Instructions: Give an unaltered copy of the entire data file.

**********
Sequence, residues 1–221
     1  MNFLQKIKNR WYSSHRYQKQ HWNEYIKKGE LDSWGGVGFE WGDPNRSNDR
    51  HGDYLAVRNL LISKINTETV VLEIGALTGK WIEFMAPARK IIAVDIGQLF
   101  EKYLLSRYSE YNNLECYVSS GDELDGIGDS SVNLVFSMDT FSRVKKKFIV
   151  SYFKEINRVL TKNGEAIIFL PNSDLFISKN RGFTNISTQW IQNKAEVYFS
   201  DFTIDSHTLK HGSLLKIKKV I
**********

Sequence, residues 1–221
     1  MNFLQKIKNR WYSSHRYQKQ HWNEYIKKGE LDSWGGVGFE WGDPNRSNDR
    51  HGDYLAVRNL LISKINTETV VLEIGALTGK WIEFMAPARK IIAVDIGQLF
   101  EKYLLSRYSE YNNLECYVSS GDELDGIGDS SVNLVFSMDT FSRVKKKFIV
   151  SYFKEINRVL TKNGEAIIFL PNSDLFISKN RGFTNISTQW IQNKAEVYFS
   201  DFTIDSHTLK HGSLLKIKKV I